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Tuesday, 7 February 2017

Carmarthenshire Moth List update

After adding the 2016 records to the database I produced a revised moth list for Carmarthenshire, including categories A (all records please), B (photo needed for new site records) and C (photo needed for all records), the number of records of each species (an indication of what's common and what's rare), and the year of the last record (again, an indication of what's rare).  Please have a look at this, as it's a guide to what species of Macro are going to need extra verification.

Thanks Colin for adding it to the Resources section on the right hand side of the Blog.


  1. Marvelous job, Sam - thanks very much and very well done. Much appreciated. This confused old fool would be most grateful if you could explain the colour code used throughout and the letters D P & R against some micros. Have you been able to re-assess some of the old Rothamsted records: some species previously thought to be scarce seem to have had quite large increases in numbers in the last two or three years?

  2. Yes, thank you Sam once more - we all really appreciate your efforts and skills.
    I`m hoping to start the macro-moth write up for 2016 in about 10-14 days` time, to add to Sam`s (already 99% done) micro/migrant review etc, so that we can get the newsletter out in mid March.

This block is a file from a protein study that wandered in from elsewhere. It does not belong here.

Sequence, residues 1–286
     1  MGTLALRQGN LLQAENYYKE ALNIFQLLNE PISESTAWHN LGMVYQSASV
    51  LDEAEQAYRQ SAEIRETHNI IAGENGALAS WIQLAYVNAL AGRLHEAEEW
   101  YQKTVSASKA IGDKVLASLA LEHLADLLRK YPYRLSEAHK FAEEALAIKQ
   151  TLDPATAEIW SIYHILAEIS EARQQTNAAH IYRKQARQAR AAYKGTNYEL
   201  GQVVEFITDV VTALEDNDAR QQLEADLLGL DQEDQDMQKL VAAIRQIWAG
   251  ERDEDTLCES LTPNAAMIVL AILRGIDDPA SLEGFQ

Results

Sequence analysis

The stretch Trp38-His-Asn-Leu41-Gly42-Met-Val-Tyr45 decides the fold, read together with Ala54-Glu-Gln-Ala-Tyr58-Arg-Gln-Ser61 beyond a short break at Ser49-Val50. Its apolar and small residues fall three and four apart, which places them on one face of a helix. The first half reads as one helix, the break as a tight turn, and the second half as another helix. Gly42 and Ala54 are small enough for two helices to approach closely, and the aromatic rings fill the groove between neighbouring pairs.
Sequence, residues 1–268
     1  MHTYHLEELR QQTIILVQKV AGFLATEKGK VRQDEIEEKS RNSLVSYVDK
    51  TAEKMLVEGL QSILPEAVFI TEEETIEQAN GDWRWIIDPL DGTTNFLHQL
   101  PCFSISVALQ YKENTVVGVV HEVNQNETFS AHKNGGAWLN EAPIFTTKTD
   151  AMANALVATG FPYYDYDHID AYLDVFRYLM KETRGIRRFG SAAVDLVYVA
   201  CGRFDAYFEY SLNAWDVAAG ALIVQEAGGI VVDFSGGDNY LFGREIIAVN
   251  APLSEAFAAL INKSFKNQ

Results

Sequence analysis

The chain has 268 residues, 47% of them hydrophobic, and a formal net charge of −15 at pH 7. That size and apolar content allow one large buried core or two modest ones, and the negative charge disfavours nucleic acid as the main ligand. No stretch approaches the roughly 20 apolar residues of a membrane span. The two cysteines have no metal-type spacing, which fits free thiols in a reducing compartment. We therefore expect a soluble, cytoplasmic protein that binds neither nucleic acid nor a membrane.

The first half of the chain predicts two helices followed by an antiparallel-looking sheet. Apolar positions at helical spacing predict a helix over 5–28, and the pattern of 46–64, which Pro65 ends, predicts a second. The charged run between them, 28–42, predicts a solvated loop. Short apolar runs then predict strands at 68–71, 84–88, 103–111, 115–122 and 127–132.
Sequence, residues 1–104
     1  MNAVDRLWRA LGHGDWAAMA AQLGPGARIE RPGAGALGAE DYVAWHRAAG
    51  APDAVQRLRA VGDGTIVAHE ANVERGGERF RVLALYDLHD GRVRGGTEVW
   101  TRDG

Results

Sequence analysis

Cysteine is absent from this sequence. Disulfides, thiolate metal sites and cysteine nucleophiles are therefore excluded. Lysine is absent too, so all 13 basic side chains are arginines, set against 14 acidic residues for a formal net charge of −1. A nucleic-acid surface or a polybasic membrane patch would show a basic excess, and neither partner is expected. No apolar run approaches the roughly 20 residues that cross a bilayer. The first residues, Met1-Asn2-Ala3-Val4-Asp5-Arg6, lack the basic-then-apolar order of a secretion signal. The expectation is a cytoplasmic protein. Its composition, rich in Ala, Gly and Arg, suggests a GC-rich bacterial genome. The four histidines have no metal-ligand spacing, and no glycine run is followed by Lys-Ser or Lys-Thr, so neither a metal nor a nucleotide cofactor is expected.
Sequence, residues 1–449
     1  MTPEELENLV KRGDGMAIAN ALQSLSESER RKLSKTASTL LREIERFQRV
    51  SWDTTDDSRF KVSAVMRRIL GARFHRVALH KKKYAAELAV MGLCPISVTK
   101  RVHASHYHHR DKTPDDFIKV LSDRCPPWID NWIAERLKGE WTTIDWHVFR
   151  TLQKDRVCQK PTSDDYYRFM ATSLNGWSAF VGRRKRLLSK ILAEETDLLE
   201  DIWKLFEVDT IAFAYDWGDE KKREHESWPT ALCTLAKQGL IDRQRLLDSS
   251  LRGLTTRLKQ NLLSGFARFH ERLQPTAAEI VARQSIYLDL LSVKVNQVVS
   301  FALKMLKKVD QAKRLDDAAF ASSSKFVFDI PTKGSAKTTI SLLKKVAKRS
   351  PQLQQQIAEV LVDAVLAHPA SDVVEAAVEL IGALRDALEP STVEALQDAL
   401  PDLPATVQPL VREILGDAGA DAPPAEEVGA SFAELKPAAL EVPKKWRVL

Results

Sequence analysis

3. The colours indicate number of records and oldest last records: you need to think carefully if you think you've got a red or orange! The letters were my start at marking Dissection only micros, but I can't remember whether I finished that exercise.

  4. And yes, adding the compete (and very obviously correct except for a couple of dodgy sites) Rothamstead data boosted the number of records of upland species, especially as Rothamstead sent their complete data whereas previously I only had annual summaries.

    1. Thanks, Sam. I'm sure that Jon B was right to be wary of the Rothamsted data as presented to him, but it's very good to know that some difficult issues have been resolved satisfactorily. We can at last see that some species previously thought to be rare, or uncommon, in Carms are more likely to be simply local in their distribution and not too scarce at all. Autumn Green Carpet is a clear example of this and I'm sure there are many more. Once more, we should all be grateful for your efforts in resolving the Rothamsted conundrum.